Captain Nibali ready to lead across Italy

The Shark and his Trek-Segafredo teammates are warming up their engines for a high-octane rescheduled season.

At 35 years old, with a wealth of experience and palmares that few can equal in the pro peloton, Vincenzo Nibali knows how to face new and unknown challenges. Where some see uncertainty and anxiety, he finds stimulus and motivation.

As the days to the restart count down, the Shark is enjoying the calm before the storm. He is an accomplished captain and is ready to lead his team across Italy in his biggest goal, the Giro d’Italia.

“Such an intense racing schedule is something extraordinary and unpredictable,” exclaimed Nibali. “The traditional images of the spring Classics and Grand Tours will be overturned. All the riders, not just the leaders, will be at the starting line full of energy and competitive like never before. This is what awaits us – so let’s be ready!” 

These words reflect Nibali’s current mood, a mixture of serenity and anticipation pondered in the discreetness of his home. Last Friday, he returned from 15 days in the Dolomites with teammates Giulio Ciccone, Gianluca Brambilla, Nicola Conci, Jacopo Mosca, Antonio Nibali, and Pieter Weening. The goals were to finalize the condition and improve the pedal stroke, bringing more efficiency, but also more than that. Among the many unknowns of the upturned season, Captain Nibali’s certainty must be the team around him. The camp also served to consolidate the camaraderie between teammates and staff to align each individual’s work within the group.  

The Giro team trains at the high-altitude training camp in the Dolomites.

Antonio and Vincenzo Nibali at the training camp in the Dolomites.

“Building success starts from the foundation that is the team. During the training camp, I’ve felt around me a great desire to race, perform, and do well. There was a great unity of purpose, the same that I felt during the lockdown months without knowing if and how the season would start again. Trek-Segafredo showed exceptional team spirit, something that we can’t take for granted. There was always a thread that kept us in touch, not only among riders but with the whole group, management and staff included. Now that we can work together side by side, we feel to have obtained an advantage,” said Nibali.  

“Despite the lack of racing and the need to improve teamwork, there was a strong harmony and commitment. With Ciccone, Brambilla, and Antonio we trained at Teide and in the Dolomites Conci, Mosca, and Weening joined the group.

“With Giulio, in particular, we created a great feeling. He’s strong, full of energy, and he has an insane determination. Although he’s young, he’s a real team player. We are all happy about the work we’ve done, and now we’re looking forward to testing ourselves in a racing context.”

The long wait for Nibali – and some teammates like Ciccone, who will race a similar schedule – will end on August 1st at Strade Bianche. Following that Nibali will race Trittico Lombardia (August 3rd), Milano-Torino (5th), Milano-Sanremo (8th), Il Lombardia (15th), Giro dell’ Emilia (18th) and the Italian Championship (23rd). Then Nibali will attend a second altitude camp.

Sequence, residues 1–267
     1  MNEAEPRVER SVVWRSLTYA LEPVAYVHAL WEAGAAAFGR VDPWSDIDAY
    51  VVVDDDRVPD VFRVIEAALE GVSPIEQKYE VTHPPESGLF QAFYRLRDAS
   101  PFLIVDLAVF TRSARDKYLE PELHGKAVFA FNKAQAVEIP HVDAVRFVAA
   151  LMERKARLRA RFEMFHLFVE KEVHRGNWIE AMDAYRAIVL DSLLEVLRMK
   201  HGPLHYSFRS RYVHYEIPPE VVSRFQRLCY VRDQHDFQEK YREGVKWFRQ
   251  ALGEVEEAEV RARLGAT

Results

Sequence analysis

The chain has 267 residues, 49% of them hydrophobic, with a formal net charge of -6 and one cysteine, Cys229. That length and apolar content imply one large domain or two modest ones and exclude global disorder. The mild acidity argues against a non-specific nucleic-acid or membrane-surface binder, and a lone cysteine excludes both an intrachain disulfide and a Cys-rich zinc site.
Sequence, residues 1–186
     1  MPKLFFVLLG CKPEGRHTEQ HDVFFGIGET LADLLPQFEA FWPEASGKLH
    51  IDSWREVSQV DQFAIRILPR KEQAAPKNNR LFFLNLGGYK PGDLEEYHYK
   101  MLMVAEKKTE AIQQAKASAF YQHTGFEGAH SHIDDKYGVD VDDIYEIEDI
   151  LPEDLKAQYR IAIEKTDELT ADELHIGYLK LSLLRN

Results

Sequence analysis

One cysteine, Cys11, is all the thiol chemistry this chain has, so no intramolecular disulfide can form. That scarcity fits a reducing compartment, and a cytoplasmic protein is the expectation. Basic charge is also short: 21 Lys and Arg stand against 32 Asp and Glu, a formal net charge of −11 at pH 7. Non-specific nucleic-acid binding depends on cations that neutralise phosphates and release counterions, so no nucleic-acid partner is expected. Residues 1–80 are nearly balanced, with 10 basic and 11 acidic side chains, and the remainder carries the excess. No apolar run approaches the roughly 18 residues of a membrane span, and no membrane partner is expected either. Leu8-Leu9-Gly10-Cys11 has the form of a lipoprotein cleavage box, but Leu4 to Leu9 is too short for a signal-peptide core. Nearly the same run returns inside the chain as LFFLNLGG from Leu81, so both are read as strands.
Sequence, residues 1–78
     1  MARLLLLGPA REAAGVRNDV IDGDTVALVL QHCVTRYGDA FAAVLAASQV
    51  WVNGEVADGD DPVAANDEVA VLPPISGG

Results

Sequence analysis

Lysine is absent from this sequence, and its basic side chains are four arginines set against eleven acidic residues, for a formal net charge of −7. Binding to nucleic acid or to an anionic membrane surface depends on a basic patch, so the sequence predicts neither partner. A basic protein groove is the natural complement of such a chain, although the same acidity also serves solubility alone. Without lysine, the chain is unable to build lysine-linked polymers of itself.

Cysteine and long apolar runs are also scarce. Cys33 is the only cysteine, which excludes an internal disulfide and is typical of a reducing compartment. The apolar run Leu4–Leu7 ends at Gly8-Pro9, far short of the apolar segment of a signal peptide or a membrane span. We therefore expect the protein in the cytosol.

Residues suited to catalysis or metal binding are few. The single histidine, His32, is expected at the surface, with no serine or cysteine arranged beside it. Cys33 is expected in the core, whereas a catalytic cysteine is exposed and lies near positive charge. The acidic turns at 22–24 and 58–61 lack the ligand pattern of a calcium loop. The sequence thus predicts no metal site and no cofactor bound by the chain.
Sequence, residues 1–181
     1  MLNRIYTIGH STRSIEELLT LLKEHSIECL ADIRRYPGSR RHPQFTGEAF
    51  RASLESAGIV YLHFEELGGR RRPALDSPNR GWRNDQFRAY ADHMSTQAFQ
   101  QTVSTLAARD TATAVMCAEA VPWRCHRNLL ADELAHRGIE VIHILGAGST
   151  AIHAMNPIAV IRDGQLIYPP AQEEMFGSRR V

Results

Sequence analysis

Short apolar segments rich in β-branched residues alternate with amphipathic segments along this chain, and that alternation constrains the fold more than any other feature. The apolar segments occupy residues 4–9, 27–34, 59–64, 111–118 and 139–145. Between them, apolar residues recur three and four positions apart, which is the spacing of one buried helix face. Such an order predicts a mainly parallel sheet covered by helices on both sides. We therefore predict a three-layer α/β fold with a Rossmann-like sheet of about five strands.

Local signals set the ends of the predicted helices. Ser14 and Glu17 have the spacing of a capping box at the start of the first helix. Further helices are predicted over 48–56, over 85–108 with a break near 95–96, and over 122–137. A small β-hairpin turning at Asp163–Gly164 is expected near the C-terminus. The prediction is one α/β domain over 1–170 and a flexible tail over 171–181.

Tirreno-Adriatico (September 7-14) and Giro dell’Appennino (20th) will lead into the World Championship in Aigle-Martigny (27th), and finally the Giro d’Italia (October 3-25), where Nibali hopes to have found top form. 

Trainer Paolo Slongo and Vincenzo Nibali.

“It’s a full gas start without reference points from the past in terms of preparation. The first race series is tremendous. The heat will be a determining factor, and it’s impossible to predict how the physique will react to the difficulty of the Classicissima or Lombardia in August and the recovery from such intense efforts. 

“From our side, we know we will have to be in good form because the team wants and deserves to be competitive right from the start. We have many important events to race, and, for me, I also need to take care of my growth in view of the Giro in October. Together with Paolo Slongo (Trek-Segafredo trainer), we have pointed out a well-balanced approach to the Italian Grand Tour. The road will be the testing ground, but if any adaptations are necessary, we are prepared. Time is short, but it’s enough,” explained Vincenzo. 

Vincenzo Nibali checks out one of the women's bikes.

It’s no secret the hunt for a third Maglia Rosa is a big target for Nibali, and the recent announcement from RCS Sport of the Grande Partenza in Sicily with a 16-kilometer individual time trial, is cue for further consideration. 

“The warmth of my homeland will offer a beautiful and emotional context, but I cannot allow myself any distractions,” continued Nibali.  “The time trial and the arrival on Etna two days later require me to be prepared from the beginning. I think the third week will be the decisive one. The TT specialists have an advantage in the opening stage, but after two weeks, everyone’s physical and mental forces will be different.

“For the Maglia Rosa, I expect tough confrontations from contenders like Carapaz, Fuglsang, and Simon Yates, and one who could be a big surprise, Evenepoel. He’s strong, and he has approached cycling with personality. I like him. Only the road will tell how well he can perform during a three-week Grand Tour.

“Besides Remco, it’s good not to underestimate any outsider. The history of the Giro teaches that every year someone surprises. Last but not least, I dedicate a thought to Peter Sagan, a friend as well as a colleague. I’m happy to have him at the race. As he is already showing with his other great talent – acting in front of a camera – he will make this Giro even more special,” added Nibali.